5 February, 2021
Charity left high and dry
Sailability, a beloved Cairns Charity that enables local people with a disability to experience the joy and freedom of sailing, is searching for a new home as their association with Cairns Yacht Club (CYC) at the Cairns Marina has come to a sudden end.
Since Sailability Cairns’ foundation in 2014, the charity utilised part of the CYC storage shed near the Salthouse at the Cairns Marina, as well as their access ramp and pontoons, allowing easy wheelchair access for participants in their twice-weekly volunteer-run sailing programs.
However, last month the CYC issued Sailability Cairns with a notice to accept new terms at a significant increase in cost, or vacate the facilities by January 31.
“Sailability was started by members of the CYC and we’ve had great support from members of the CYC over the years. But their latest terms and conditions are outside the legal parameters we are obliged to operate under as a charitable, deductible gift recipient and the financial cost is untenable. Sailability has had no choice but to decline the terms,” said Sailability Cairns president Jeff Crofts.
Over the years a number of Cairns organisations and businesses including Rotary, Ports North, Seaswift and others have thrown their support behind the entirely volunteer-run charity, sponsoring their nine boats, which are specially designed to accommodate people with disabilities.
Sadly these boats are now sitting high and dry in storage space donated by the Cairns Cruising Yacht Squadron on Tingira Street, Portsmith, as committee members search for a new operating location.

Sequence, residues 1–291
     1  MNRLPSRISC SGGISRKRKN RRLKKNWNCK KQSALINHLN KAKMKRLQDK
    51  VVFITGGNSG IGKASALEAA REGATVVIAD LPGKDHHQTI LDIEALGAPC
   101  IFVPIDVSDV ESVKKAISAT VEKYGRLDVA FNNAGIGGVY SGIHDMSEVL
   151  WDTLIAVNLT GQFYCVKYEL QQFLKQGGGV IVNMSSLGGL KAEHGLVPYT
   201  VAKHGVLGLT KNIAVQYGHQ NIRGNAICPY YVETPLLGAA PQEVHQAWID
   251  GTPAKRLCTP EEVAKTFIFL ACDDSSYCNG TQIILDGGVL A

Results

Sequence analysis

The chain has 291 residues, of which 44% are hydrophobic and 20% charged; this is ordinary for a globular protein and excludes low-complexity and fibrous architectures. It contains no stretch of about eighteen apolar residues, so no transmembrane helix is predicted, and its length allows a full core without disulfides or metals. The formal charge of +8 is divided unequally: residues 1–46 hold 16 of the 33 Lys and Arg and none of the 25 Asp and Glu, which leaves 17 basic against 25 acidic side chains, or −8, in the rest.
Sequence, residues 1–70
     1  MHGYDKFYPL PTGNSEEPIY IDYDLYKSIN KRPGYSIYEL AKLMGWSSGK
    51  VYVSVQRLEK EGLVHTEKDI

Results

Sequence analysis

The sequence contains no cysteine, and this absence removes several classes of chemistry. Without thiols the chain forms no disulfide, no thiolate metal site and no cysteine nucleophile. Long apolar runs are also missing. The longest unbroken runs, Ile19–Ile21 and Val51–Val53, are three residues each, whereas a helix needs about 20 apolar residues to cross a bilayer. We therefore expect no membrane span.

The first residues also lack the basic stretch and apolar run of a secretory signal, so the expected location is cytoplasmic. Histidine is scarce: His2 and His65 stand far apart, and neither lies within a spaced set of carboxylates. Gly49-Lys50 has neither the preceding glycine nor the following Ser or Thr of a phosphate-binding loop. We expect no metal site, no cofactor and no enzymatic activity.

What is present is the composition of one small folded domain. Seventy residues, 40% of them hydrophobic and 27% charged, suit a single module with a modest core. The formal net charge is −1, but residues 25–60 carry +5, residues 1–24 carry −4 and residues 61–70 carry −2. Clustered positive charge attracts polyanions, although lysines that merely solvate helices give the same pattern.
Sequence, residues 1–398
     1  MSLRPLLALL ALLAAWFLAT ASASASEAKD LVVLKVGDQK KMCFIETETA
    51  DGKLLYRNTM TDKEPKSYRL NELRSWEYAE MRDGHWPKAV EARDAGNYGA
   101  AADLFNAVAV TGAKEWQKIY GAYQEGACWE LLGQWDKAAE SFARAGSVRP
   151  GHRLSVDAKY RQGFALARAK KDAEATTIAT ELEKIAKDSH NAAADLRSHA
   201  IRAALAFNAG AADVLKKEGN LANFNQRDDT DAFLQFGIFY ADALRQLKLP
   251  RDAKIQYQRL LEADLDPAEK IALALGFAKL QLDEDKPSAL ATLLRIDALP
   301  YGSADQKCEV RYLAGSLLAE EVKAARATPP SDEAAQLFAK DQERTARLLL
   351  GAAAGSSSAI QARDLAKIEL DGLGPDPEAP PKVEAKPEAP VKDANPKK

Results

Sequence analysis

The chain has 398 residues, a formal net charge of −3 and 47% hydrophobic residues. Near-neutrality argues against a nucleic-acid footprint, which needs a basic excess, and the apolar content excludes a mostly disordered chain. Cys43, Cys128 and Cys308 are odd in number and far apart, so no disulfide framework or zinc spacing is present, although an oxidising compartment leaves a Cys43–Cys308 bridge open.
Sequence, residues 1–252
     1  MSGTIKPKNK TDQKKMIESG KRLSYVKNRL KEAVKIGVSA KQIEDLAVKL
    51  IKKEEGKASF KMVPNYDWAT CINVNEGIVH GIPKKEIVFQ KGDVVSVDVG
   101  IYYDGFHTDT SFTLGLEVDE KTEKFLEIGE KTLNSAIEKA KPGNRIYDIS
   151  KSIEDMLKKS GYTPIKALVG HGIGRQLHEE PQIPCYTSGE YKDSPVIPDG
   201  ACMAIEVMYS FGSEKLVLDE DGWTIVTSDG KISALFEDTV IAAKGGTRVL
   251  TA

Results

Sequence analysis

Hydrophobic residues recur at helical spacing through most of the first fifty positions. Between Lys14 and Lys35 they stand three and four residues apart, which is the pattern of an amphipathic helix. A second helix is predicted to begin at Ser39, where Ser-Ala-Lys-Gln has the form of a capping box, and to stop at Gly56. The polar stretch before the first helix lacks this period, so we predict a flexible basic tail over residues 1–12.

“As far as we know, there are no other facilities with the same easy wheelchair access and safe beginner-level sailing conditions as the ones we have just vacated, but we are open to any suggestions,” said Mr Crofts.
He said they were actively looking into locations that could be adapted easily to make them appropriate for use by people with a disability, and were determined to get their boats back in operation as soon as possible.
Volunteer Skipper Adam Howarth said sailing with Sailability had “saved him” when he experienced mental “shut down” after being injured in an accident. In five years since joining, he’s gone from a novice to a skipper who teaches sailing to others.
He said it was sad to see Sailability brought to a standstill.
“It’s sad for a lot of people because it gets them involved in doing outdoor activities,” he said.
“There are a lot of people in
wheelchairs and it helps get them out of the house. We take people from the Endeavour
Foundation and ARC disability services and when we take them out they are
ecstatic. It also gives me a chance to get away from my house and get out onto
the water, which has helped me a lot as an